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Talking to children about their own epilepsy

Mother and son talking.

Any young child can be anxious about something they don’t understand. They may have fears, they may try to fill the gaps themselves, and what they believe may be distressing for them. A child with epilepsy can misunderstand their condition, for example feeling that they are in some way responsible for their seizures. It is very important to give a child a simple, friendly explanation about epilepsy and seizures, as it will help their fears disappear. The child will have a better understanding of their epilepsy and treatment.

When is the best time to tell your child?

At the time of a diagnosis of epilepsy your child may need reassurance. Firstly, they have had a seizure but may not know that has happened. They went to see a doctor, and they had to take tests in a hospital which can be worrying for them. In addition, they may have to take medicine every day. Even a very young child might wonder if something is wrong. If parents seem anxious the child may feel that it is serious. Answering any questions your child may have in simple terms it is important for lowering their fears. It is advised to tell the child as early as possible so that it is not a shock to them later.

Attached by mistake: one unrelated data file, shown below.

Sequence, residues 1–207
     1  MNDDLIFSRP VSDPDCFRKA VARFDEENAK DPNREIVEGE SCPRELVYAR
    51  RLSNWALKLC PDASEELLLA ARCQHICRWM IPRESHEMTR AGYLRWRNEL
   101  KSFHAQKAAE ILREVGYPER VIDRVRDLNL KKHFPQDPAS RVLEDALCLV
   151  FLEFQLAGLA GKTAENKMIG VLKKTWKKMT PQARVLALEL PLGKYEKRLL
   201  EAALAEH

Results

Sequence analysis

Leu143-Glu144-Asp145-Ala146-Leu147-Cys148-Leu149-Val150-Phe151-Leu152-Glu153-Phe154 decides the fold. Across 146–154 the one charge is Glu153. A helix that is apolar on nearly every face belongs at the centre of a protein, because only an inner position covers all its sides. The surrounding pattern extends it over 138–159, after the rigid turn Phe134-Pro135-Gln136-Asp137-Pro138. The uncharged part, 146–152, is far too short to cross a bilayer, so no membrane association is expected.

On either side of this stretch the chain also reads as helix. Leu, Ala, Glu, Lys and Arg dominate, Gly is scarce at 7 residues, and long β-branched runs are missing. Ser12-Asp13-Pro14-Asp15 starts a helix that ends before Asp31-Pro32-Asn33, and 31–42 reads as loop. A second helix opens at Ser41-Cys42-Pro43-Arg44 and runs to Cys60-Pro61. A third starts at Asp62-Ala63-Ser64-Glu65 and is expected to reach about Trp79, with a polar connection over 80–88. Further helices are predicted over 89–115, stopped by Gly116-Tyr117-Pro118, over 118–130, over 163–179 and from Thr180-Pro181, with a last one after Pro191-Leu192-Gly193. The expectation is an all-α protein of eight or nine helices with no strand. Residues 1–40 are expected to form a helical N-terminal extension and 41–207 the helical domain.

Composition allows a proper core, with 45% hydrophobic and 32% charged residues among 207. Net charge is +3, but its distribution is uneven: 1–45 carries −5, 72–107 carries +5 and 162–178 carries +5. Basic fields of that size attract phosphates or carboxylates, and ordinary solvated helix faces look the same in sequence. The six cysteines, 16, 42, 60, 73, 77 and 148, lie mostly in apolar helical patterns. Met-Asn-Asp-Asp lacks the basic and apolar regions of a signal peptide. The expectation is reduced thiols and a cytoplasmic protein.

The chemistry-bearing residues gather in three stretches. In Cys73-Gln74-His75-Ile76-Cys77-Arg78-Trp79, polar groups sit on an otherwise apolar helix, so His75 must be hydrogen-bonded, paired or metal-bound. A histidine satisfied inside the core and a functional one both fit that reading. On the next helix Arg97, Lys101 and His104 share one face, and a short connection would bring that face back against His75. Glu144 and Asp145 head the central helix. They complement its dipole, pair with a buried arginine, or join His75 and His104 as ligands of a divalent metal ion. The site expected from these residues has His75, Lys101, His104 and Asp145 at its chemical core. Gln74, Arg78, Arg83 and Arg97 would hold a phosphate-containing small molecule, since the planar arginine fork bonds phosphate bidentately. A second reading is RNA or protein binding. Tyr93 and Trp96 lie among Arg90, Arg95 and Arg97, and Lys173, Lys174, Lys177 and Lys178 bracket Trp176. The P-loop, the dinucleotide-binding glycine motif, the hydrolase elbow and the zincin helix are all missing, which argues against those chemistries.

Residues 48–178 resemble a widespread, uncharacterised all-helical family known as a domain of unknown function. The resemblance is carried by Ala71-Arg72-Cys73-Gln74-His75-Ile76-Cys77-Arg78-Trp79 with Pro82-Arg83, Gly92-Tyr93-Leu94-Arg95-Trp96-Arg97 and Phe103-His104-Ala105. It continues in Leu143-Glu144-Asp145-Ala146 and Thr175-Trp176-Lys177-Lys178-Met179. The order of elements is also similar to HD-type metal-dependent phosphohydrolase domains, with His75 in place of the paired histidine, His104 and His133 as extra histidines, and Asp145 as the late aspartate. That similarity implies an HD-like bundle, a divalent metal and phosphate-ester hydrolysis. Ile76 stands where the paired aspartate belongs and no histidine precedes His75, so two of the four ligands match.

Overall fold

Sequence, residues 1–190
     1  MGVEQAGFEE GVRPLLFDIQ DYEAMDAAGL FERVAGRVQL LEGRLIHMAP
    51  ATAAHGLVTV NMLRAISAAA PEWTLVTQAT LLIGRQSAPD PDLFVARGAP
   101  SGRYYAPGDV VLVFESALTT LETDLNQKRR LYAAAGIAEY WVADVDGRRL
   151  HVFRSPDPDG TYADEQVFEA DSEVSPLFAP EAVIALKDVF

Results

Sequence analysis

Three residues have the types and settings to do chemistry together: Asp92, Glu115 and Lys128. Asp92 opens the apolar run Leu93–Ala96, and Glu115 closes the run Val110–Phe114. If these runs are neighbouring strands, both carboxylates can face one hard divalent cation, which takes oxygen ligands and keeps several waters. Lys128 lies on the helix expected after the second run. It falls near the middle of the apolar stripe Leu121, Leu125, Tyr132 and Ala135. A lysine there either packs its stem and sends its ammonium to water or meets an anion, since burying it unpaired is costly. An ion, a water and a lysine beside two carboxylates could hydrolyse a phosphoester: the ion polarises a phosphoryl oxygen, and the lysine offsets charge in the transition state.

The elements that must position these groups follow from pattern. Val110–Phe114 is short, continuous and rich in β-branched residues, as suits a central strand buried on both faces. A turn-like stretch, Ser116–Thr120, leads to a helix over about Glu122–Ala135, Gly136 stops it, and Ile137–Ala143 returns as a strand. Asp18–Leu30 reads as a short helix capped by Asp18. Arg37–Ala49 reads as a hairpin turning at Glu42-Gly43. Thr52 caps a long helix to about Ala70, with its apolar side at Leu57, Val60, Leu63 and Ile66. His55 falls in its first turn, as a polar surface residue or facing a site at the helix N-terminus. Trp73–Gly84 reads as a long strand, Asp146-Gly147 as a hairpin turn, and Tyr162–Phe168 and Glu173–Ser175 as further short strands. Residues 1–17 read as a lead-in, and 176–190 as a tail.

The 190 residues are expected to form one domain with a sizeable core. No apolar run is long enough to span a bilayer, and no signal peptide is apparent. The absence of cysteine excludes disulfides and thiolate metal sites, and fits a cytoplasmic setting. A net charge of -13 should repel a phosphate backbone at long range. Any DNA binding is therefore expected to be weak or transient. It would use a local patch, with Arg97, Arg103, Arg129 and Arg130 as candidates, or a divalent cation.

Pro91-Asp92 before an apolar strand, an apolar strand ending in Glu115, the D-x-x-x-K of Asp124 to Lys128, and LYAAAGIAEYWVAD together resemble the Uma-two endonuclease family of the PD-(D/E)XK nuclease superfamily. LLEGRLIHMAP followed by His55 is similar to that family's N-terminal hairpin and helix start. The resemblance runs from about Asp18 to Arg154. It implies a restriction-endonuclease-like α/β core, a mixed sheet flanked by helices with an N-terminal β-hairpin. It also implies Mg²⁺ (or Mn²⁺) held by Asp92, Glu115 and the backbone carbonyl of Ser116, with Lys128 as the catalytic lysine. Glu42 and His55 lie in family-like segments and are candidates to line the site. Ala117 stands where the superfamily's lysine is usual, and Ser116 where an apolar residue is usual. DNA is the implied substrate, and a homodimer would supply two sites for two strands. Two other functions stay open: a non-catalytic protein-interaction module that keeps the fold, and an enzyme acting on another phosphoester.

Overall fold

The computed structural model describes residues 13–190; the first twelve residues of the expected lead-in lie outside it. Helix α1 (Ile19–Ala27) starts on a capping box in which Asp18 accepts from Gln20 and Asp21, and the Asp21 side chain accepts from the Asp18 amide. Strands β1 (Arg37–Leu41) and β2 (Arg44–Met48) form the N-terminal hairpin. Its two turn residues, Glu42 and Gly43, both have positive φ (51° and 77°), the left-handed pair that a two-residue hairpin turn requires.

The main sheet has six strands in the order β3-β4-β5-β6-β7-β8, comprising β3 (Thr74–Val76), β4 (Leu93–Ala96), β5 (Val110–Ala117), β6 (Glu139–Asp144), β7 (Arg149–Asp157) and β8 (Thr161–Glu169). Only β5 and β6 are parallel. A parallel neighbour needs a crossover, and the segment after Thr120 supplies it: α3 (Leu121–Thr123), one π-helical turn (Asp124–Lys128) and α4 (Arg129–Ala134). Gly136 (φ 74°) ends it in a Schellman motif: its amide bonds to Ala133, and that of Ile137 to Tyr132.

How should you tell your child?

How you tell will depend on the age of your child and their level of understanding. Younger children need very simple explanations as too much detail can confuse them. Using puppets or toys can help support the explanation in a fun way. Often the child may ask questions about hospitals or medication. Playing games involving caring for a teddy or doll will help. A child who needs more detail may ask more questions later on. Find a quiet time to read a children’s book about epilepsy which has pictures and explanations your child can understand. Books give you useful words and images to use when talking about epilepsy.

You can read more about explaining epilepsy to a child by visiting the 'Children' Section of our website.